My Thoughts. . .
In Jeremiah, when Jerusalem fell, captives were taken to Babylon. When Jews were given the choice of returning home, the trip took an estimated 40 to 45 days of walking. Ezra 2:64 gives the number of the returnees as 49,897. Can you imagine the logistics of moving that many people 618 miles from one location to the other? Today people have campers with refrigerators and stoves. Where do you find plenty of wood to make enough fires for that number to prepare meals? Today, we stop at a State Rest area for bathroom breaks. While stopping at one of those areas, or to fill the gas tank, we usually buy a cold drink. The path the Jews took did not have service stations nor Rest Stops with bathrooms and water fountains.
The distance to travel was about 618 miles. In today’s transportation that would take about 12 hours of steady driving. If you were capable of walking, how far can 50,000 people cover in a day? If a person walked the distance without stopping or slowing down, it would take him several days. Almost 50,000 people would probably cover 10 to 15 miles each day. At that rate, it would take about 41-42 days to make the trip.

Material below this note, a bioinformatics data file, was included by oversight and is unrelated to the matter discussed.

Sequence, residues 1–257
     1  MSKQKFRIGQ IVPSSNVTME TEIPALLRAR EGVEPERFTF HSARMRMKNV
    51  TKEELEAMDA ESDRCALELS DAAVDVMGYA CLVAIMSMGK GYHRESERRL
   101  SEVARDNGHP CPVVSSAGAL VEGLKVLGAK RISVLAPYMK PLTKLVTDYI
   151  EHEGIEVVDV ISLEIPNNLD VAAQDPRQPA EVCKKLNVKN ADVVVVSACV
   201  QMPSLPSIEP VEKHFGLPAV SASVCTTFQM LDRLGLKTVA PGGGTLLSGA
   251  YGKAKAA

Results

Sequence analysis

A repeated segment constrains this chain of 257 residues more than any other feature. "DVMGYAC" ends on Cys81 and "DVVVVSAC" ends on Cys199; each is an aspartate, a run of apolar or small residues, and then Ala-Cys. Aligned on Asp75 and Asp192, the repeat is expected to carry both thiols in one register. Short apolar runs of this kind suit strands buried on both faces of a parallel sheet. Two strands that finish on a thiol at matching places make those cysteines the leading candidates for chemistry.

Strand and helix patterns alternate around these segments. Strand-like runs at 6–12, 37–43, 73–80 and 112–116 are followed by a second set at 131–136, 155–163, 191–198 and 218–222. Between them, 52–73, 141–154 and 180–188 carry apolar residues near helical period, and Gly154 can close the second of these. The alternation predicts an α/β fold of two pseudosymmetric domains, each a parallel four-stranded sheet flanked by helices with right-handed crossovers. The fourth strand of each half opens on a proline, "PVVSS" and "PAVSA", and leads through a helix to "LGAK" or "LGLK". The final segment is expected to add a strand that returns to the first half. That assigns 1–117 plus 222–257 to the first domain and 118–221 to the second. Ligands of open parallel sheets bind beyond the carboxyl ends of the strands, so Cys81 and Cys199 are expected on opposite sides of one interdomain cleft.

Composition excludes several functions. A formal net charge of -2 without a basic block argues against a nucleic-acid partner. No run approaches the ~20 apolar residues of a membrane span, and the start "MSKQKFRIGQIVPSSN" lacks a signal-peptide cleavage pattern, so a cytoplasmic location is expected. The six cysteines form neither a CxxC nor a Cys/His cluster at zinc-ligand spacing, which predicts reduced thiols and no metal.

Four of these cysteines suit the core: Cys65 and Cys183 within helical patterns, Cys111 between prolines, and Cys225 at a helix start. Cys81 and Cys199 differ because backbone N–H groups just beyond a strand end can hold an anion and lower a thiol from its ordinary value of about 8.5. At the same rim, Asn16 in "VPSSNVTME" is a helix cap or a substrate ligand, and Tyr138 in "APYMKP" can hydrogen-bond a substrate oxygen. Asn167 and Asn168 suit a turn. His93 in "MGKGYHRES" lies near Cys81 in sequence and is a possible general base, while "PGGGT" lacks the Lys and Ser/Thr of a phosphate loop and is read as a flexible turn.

If the group includes their livestock, setting up camp, and taking things down each day, preparing meals, and eating at least once each day, pacing themselves with children and elderly, the distance covered daily might be less. If hunting was necessary, killing the animals needed as well as dressing them out would add to more downtime. We often read passages like these as if they did things the way we do them. Even if a trip took 12 hours, we have air-conditioned cars. Unless water was crossed, I’m sure body odor among that group was noticeable. Daily clothing changes would be a modern happening, but not back then.
When they arrived in Judah, neither furnished houses nor empty dwellings were waiting to be occupied. Jerusalem had been burned down and the protective walls demolished. If they were going to eat, fields had to be prepared, seeds planted, and harvesting performed. Houses needed to be built or repaired. City walls required restoration and gates needed to be constructed and installed. The people who occupied the land did not form welcoming committees to greet those returnees. Self-defense was an important topic to learn and be proficient in. Spears and swords needed to always be at hand.
God was with them, but silver spoons were not available and rebuilding and protection came through hard work and vigilance.
“These things happened to them as examples and were written down as warnings for us, on whom the culmination of the ages has come.” (1 Corinthians 10:11-13).
The lesson is ours for our benefit and growth in faith.